Good business leadership skills have something in common with forest fires, Christopher Columbus and symphony conductors, according to Stewart (52 Leadership Gems, 2012, etc.).
Fires are beneficial when they clear debris from forests and keep them uncluttered and fresh; Columbus proved the value of not being restricted by old ways of thinking; and a strong symphony conductor brings diverse elements into harmony. These are just a few of the 52 lessons that can be applied to business leadership, as laid out by Stewart, an internationally recognized leadership coach, teacher and lecturer. The stories follow his Lead Now! model, which contains 21 leadership “dimensions.” Each story lists the dimensions to which it relates and summarizes the lesson provided. Each summary is followed by several questions that readers may use to connect the story to their own situations. As with other volumes in Stewart’s Leadership Series, this book is short and its chapters brief, so busy executives don’t have to absorb huge chunks of text in a single sitting. Like parables and fables, the stories all contain deeper meanings, and while some of the tales seem to be right on point, others are a bit of a stretch. A story comparing drug-sniffing dogs to the training of employees may require a few readings to become clear, even with the hints provided, and a story that links a sloth’s behavior to the idea of finding something memorable may cause some readers to scratch their heads. Still, there are far more hits than misses here, and at best, the stories are both interesting and instructive; one story tells of how Kleenex tissue went from being used to treat wounded soldiers in World War I to being a product now used the world over. Such information, like this volume as a whole, is nothing to be sneezed at.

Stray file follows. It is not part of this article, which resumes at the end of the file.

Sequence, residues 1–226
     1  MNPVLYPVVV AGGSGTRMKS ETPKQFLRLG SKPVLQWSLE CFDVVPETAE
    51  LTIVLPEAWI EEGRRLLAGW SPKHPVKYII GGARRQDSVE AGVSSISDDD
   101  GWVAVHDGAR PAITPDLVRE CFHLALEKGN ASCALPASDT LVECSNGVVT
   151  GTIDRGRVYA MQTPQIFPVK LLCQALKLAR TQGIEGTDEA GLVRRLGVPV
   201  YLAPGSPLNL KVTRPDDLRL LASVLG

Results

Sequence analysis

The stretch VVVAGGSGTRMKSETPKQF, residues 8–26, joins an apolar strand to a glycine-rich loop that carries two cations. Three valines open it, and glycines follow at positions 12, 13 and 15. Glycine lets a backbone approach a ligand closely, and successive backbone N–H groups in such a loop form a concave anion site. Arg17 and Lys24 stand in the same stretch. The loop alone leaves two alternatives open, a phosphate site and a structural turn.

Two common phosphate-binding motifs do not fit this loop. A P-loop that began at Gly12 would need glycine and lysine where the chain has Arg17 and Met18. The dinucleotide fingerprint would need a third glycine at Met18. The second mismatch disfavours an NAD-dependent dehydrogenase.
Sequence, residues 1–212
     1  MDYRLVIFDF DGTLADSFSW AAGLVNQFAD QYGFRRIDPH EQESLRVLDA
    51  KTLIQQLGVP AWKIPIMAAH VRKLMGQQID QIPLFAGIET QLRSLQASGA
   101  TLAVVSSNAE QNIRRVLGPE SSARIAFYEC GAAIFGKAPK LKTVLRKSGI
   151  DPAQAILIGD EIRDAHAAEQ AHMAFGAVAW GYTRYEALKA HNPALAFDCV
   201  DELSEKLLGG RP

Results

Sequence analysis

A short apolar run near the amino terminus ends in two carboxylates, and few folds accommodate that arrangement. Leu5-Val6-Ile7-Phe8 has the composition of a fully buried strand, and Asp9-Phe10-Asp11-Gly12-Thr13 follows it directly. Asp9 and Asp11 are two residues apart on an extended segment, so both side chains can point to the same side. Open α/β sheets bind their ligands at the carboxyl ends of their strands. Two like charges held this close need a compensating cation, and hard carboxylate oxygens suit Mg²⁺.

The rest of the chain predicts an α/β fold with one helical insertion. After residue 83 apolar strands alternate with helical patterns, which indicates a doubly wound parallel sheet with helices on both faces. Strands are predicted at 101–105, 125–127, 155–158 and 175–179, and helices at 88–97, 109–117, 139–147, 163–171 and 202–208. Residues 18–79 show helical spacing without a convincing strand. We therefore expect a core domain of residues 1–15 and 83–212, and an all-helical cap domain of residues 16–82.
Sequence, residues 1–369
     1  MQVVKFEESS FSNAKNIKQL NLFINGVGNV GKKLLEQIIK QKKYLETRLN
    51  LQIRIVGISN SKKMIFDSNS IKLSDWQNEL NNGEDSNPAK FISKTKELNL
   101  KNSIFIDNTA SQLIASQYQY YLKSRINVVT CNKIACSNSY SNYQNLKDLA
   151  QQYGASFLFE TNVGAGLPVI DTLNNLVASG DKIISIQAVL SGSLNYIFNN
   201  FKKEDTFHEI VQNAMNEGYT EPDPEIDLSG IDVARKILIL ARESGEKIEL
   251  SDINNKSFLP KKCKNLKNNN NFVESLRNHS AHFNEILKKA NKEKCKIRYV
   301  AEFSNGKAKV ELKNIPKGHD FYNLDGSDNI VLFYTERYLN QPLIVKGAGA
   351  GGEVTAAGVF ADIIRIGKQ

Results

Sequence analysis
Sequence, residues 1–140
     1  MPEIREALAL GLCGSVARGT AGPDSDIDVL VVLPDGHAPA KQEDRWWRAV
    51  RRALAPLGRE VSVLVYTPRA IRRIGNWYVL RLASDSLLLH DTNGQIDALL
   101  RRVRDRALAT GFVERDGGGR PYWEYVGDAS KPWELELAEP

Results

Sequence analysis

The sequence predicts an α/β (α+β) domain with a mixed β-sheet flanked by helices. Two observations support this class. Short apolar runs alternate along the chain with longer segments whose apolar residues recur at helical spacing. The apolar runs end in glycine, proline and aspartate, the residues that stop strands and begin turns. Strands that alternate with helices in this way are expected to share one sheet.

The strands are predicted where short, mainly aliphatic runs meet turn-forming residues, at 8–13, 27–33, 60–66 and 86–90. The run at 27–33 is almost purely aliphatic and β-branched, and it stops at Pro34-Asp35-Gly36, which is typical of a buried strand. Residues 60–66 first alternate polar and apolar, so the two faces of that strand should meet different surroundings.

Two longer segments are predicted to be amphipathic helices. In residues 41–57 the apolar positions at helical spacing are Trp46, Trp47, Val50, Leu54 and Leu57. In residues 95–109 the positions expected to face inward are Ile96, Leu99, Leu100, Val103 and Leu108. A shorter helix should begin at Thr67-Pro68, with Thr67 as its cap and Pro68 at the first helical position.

Intriguing stories for business executives looking to deepen their leadership skills.